A team of doctors led by a physician at the Massachusetts General Hospital in Boston were able to grow an artificial ear a bit earlier this year. The doctors involved in the laboratory work used structural tissue and cells from animals to "create" the full-sized ear.
When completed, the ear looked and felt real, just as if it were a normal human ear that developed naturally prior to and at birth.
Importantly, the doctors involved in the development of the artificial ear were able to say that it distorted only minimally during regular growth because of the incorporation of a thin wire frame that was used to help the ear retain its shape under all conditions.
When asked about their remarkable achievement, the doctors who were involved in the development of the artificial ear said they hoped that in the not-too-distant future they, or other doctors, would be able to apply the very same techniques to create an artificial ear using human tissue and cells.
What is interesting and encouraging about this scientific and technical advance is that the ear, once implanted on a human patient, retained its shape after three full months. It is not known if the ear remained "natural in appearance" for a longer period of time.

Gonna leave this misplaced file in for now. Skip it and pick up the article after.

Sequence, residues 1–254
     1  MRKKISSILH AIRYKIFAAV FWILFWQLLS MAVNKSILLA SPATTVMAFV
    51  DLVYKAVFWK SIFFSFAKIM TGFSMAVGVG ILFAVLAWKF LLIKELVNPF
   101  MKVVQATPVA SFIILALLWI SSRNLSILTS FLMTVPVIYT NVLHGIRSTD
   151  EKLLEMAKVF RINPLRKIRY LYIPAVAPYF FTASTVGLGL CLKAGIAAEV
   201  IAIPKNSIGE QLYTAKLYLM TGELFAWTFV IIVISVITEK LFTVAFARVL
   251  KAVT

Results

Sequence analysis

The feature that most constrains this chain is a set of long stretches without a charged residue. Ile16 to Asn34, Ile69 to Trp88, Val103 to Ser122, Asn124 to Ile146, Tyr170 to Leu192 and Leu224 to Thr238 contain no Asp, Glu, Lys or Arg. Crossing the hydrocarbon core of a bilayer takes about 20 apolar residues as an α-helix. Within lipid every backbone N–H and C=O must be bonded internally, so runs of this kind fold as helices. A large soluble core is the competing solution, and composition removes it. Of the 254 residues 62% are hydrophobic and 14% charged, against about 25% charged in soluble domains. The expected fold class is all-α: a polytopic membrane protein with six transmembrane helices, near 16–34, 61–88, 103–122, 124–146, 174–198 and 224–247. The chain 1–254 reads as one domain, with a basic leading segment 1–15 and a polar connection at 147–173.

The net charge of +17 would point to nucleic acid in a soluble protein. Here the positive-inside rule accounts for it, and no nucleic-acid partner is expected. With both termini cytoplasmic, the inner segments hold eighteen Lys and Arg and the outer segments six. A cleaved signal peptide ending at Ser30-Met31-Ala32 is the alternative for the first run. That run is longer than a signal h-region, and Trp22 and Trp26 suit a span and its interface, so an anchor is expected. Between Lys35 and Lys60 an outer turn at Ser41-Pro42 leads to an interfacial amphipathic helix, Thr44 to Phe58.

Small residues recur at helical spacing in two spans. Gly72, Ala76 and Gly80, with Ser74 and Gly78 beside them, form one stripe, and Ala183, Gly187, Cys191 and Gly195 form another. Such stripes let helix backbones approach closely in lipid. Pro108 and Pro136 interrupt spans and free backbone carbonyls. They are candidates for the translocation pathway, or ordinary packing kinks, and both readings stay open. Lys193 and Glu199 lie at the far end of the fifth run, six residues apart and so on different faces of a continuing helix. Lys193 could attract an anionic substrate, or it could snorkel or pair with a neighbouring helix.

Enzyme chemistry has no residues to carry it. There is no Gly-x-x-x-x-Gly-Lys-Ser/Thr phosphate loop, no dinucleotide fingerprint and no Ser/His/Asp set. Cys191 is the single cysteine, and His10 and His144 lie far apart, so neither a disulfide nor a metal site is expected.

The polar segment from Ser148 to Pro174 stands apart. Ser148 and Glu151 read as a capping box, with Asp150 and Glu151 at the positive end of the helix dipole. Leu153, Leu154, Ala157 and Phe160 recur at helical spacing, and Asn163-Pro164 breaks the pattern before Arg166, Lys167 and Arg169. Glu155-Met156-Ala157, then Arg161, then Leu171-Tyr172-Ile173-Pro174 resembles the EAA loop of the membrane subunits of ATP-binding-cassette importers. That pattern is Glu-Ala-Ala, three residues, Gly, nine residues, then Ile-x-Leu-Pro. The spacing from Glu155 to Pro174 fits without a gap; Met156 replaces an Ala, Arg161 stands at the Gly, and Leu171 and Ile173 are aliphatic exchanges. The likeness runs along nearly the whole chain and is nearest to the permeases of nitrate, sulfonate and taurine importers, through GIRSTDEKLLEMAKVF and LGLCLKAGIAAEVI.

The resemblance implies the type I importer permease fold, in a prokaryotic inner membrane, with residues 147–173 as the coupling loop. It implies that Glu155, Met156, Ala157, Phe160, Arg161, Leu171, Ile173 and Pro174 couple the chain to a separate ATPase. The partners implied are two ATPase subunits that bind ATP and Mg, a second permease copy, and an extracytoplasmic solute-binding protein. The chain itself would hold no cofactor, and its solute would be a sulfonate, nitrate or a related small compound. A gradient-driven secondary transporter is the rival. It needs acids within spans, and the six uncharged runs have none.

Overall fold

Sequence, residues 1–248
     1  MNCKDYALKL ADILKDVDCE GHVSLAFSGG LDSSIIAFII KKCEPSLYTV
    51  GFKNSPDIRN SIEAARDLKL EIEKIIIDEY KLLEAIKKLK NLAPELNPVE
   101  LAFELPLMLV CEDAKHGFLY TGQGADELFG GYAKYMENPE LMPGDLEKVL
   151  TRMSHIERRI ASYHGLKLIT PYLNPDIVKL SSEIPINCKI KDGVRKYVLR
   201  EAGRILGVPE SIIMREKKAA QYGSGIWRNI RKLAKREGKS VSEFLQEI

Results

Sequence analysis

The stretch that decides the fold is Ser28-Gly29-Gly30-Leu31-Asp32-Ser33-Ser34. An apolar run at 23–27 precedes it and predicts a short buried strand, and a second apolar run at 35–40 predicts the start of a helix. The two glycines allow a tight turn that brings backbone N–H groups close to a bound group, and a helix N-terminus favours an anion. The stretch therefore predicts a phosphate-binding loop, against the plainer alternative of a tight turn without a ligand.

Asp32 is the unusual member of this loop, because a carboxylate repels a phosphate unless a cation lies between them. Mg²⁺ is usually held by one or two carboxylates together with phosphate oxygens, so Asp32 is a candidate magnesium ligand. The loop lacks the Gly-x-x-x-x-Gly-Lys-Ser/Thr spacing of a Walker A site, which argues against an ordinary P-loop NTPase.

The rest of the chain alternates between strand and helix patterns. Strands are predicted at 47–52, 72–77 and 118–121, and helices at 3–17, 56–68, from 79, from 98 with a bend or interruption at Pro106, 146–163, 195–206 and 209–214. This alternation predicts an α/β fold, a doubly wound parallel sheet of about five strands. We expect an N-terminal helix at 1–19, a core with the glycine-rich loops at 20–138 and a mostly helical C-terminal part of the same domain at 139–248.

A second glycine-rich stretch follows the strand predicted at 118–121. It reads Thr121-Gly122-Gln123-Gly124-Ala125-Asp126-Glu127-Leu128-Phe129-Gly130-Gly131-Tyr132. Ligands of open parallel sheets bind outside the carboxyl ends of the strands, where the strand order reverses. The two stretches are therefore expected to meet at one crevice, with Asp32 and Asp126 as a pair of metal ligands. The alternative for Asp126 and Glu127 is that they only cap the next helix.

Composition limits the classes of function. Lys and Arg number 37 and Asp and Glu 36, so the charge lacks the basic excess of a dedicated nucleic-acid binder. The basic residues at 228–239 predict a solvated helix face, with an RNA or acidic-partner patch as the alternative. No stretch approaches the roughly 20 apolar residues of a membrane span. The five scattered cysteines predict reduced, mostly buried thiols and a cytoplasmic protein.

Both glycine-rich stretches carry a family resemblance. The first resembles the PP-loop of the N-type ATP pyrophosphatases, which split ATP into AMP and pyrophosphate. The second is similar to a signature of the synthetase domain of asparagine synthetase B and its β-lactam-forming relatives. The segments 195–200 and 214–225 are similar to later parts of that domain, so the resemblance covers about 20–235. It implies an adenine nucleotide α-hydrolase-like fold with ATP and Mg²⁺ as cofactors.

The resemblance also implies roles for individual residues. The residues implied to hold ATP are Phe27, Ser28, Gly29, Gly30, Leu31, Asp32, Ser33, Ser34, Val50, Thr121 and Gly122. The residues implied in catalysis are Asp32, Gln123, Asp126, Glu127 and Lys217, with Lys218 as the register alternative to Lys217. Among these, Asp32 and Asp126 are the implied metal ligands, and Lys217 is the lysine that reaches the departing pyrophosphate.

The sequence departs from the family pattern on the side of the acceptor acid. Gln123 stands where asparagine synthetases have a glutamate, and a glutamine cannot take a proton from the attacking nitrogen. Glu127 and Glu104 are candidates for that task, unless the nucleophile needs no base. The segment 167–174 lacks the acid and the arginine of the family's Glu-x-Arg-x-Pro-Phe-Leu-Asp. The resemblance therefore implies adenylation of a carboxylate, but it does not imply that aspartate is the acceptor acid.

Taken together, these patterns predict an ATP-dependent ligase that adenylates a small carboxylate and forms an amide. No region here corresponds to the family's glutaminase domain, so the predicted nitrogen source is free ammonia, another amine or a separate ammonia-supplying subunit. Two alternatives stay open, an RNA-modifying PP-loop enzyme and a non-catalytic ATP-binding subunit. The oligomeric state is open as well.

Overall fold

Meanwhile, the researchers responsible for the artificial ear claimed that its success at "remaining normal and natural-looking" was due entirely to the use of the wire frame and collagen which was taken from cows.
Clearly, this was an incredible discovery which, over time, is likely to have major impact on plastic and cosmetic surgery and on the lives of people who require effective reconstruction of damaged or lost body parts.
The accumulation of medical knowledge over the past fifty years and the incredible advances in medical technology are making it possible for developments such as "the artificial ear" to take place now, in the twenty first century.
It will be exciting to see what the future brings in the fast-developing area of medical science.